Mr. CLYBURN. I have one question. The VA has indicated that it was precluded from entering into Energy Savings Performance contracts until regulations were put into place providing guidance on such contracts.
    Does your agency share a similar view regard the need for regulations prior to entering into such contracts?
    Mr. ARCHIBALD. Mr. Clyburn, we did not. In fact, we communicated to the VA that we felt that the authorities that were provided in the Energy Policy Act were clear, and that the statements that we had put in place, or the rulemaking process that we had gone through at DOE, as we were required to do in the Energy Policy Act, provided a clear mechanism to allow all agencies to use the Energy Savings Performance contracting authority.
    We did communicate that to the VA and, in a series of discussions over time, we and the VA came to the same conclusion that, in fact, we were authorized to use the ESPC authority.
    Mr. CLYBURN. So it was just a concern as to whether you were authorized to do it, or they were authorized to do it, or whether or not they didn't have proper guidance?
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    Mr. ARCHIBALD. Well, I would—I guess I would say initially counsel for both agencies disagreed. The counsel for DOE rendered an opinion that said yes, we were authorized to use the ESPC authority. Counsel within the VA had identified that they were not allowed to use it, that the authority was not granted. And what we ended up doing was negotiating over a period of time through a series of discussions at different levels within the agency, and ultimately both agencies agreed that the authority was, in fact, granted and that all agencies were authorized to enter into ESPCs.
    Mr. CLYBURN. Thank you, Mr. Chairman.
    Mr. EVERETT. Thank you. For the record, Department of Energy is the lead agency in this, right?
    Mr. ARCHIBALD. Yes, that's correct. In the Energy Policy Act, the Department of Energy was directed to issue the rulemaking on how to use the Energy Savings Performance contracts that were granted.
    Mr. EVERETT. And there is no disagreement between Department of Army and the Department of Energy on how to proceed on this?
    Mr. ARCHIBALD. I don't believe so, sir.
    Mr. EVERETT. There is a disagreement between counsel for VA and your counsel?
    Mr. ARCHIBALD. There was disagreement in the early days. I believe all that disagreement is now ironed out.
    Mr. EVERETT. Okay. We're going to recess this hearing. First of all, let me dismiss this panel. Jim, do you have any more questions?
    Mr. CLYBURN. No, sir.
    Mr. EVERETT. Let me dismiss this panel, and thank you for your participation. We may have additional questions for the record, and we're going to recess the hearing until we can take this vote. We should be back in about 10 minutes. Thank you.
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    Mr. EVERETT. I'd like to start the hearing again and call the second panel. Mr. Keith, Senior Vice President and General Counsel for CES Way, International, Inc. Mr. Keith is representing the National Association of Energy Service Companies.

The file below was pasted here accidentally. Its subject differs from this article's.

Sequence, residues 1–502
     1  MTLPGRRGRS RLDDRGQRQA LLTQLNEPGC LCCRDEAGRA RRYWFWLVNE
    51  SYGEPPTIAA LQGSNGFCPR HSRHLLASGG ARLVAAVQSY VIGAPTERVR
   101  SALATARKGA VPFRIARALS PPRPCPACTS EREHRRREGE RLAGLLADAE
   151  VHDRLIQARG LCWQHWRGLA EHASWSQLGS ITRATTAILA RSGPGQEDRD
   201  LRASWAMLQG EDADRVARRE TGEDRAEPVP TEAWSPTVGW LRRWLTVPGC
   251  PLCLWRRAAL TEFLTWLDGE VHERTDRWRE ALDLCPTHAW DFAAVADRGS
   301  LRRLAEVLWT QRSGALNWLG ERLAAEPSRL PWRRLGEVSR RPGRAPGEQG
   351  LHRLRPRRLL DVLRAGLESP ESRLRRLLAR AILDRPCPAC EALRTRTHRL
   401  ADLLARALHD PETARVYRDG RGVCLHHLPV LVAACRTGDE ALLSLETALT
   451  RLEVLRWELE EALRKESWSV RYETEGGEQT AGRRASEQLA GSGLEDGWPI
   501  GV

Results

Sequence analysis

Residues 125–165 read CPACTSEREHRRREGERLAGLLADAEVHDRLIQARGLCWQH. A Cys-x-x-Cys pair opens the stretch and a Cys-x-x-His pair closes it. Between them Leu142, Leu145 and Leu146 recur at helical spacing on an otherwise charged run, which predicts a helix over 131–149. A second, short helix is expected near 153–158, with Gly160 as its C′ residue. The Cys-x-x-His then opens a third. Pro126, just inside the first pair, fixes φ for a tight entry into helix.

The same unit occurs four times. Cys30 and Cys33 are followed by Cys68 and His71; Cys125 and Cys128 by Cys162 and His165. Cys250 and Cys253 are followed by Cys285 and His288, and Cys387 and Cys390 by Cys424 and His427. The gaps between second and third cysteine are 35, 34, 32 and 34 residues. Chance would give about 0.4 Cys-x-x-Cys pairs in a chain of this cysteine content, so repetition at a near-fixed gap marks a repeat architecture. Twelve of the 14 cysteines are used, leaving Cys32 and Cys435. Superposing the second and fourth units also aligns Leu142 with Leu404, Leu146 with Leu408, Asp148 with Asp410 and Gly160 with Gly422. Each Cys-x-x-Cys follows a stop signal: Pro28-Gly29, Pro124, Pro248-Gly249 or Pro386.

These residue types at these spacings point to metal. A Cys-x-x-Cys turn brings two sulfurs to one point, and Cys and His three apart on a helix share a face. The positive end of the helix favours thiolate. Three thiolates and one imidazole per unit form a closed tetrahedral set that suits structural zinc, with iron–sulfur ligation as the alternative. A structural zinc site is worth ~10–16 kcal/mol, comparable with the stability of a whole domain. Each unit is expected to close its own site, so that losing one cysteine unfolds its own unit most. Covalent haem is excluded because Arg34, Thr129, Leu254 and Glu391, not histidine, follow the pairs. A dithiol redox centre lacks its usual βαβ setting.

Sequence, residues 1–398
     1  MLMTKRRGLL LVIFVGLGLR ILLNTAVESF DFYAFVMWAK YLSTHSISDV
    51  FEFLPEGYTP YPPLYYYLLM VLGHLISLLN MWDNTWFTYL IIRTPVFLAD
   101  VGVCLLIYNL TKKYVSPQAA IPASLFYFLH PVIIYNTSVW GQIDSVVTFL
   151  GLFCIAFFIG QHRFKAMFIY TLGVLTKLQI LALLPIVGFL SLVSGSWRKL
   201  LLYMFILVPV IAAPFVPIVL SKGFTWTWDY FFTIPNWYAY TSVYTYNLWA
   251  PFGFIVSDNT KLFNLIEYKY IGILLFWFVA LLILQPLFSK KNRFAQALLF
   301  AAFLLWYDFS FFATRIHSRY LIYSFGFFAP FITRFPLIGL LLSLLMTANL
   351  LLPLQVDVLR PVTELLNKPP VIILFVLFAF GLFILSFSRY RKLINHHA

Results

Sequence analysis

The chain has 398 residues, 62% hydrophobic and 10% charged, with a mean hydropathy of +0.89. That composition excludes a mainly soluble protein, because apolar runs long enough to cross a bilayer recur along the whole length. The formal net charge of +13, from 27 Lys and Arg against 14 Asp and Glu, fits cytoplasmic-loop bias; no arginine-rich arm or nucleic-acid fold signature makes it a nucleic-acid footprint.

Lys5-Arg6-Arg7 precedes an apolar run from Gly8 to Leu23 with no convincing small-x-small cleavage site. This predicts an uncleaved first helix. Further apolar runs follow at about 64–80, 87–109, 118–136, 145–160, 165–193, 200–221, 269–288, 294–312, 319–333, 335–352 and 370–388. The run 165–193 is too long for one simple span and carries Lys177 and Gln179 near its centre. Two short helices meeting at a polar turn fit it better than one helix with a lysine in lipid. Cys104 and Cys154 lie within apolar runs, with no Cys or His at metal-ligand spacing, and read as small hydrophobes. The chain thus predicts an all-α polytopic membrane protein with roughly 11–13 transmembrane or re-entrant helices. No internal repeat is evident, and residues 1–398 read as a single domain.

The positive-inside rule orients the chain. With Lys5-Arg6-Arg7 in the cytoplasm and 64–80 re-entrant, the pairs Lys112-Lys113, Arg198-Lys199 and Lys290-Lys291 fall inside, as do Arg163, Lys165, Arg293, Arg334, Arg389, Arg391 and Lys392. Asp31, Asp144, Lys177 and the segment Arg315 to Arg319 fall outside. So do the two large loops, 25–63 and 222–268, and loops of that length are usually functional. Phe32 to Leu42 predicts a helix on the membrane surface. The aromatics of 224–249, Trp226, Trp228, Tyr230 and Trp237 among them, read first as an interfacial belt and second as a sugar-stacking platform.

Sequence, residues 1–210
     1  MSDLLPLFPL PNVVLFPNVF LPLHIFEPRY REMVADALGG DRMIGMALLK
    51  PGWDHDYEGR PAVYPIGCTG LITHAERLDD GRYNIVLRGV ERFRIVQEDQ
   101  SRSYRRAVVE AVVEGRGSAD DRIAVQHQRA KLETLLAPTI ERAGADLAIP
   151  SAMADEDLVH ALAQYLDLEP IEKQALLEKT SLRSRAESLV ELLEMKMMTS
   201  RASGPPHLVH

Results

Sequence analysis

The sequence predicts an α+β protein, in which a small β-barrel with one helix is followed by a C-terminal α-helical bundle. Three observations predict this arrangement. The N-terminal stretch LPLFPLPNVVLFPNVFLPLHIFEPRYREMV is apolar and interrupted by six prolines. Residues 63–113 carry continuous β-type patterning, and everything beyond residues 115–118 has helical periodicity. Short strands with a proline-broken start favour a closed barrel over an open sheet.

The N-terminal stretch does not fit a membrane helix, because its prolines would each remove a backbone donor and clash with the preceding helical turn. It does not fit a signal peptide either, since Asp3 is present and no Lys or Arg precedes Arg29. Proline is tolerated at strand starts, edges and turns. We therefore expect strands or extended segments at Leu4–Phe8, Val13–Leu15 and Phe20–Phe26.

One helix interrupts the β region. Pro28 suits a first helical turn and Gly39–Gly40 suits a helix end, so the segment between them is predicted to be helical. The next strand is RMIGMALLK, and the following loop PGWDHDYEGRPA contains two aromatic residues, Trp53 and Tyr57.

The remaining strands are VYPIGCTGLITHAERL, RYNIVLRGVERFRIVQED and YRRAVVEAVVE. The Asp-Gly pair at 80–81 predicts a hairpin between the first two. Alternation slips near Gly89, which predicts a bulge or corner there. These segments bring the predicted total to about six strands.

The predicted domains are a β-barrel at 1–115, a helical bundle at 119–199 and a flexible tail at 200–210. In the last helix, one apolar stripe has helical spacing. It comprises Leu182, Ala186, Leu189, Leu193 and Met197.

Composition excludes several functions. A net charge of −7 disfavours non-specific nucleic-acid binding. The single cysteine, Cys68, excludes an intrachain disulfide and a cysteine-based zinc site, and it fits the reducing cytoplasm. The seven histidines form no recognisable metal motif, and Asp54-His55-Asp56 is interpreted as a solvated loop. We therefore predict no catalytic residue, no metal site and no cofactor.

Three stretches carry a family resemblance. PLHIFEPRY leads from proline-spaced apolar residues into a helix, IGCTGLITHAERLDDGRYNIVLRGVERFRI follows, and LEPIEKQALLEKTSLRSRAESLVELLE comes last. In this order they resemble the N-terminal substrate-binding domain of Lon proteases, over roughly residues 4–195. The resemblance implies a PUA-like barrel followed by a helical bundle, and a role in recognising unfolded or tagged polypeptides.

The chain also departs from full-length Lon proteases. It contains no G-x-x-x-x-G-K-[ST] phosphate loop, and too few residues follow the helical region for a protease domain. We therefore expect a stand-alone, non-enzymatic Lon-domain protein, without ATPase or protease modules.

Mr. Keith, if you will just begin your testimony, and please hold it to 5 minutes.

    Mr. KEITH. Good afternoon, Mr. Chairman, Members of this Subcommittee. As I sated, I am Erbin Keith, Senior Vice President and General Counsel of CES Way International. CES Way International is an Energy Service Company, or commonly called an ESCO. I'm here to give testimony on behalf of National Association of Energy Service Companies, NAESCO, and I have submitted a written statement for the record.
    In the brief time I have today, I will emphasize NAESCO's recommendations regarding the Department of Veterans Administration's Energy Management Program.
    A year ago, if I was giving this testimony, it would be quite different. Frankly, after the DVA issued ESPC guidelines in September of 1996, very little happened. That has changed somewhat over the last year. The DVA has shown some movement on the ESPC by entering into some ESPC contracts, primarily under the Corps of Engineers Huntsville ESPC, and has also issued some Requests for Proposals for ESPC contracts around the country. Some of these projects are mentioned in Major General Hunter's written testimony.
    The DVA should be congratulated on taking these steps, but they need to be encouraged to take further steps and implement more projects. Indeed, that is the real challenge, not just entering to an ESPC, but actually implementing the project. Expediting that process is critical because, as the Chairman noted, truly time is money here, and the most inefficient solution is to delay or not do anything.
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    In light of this, NAESCO has four recommendations for the DVA. First, the DVA should rely on congressionally authorized ESPC for the procurement of energy efficiency measures. ESPCs offer many advantages over procurement options such as sole-source utility company area-wide agreements. For example, the Corps of Engineers Huntsville and DOE have put in place, or are putting in place nationwide, Indefinite Delivery/Indefinite Quantity ESPCs that the VA can, and has at least three instances, ordered off these contracts, particularly the Corps of Engineers Huntsville.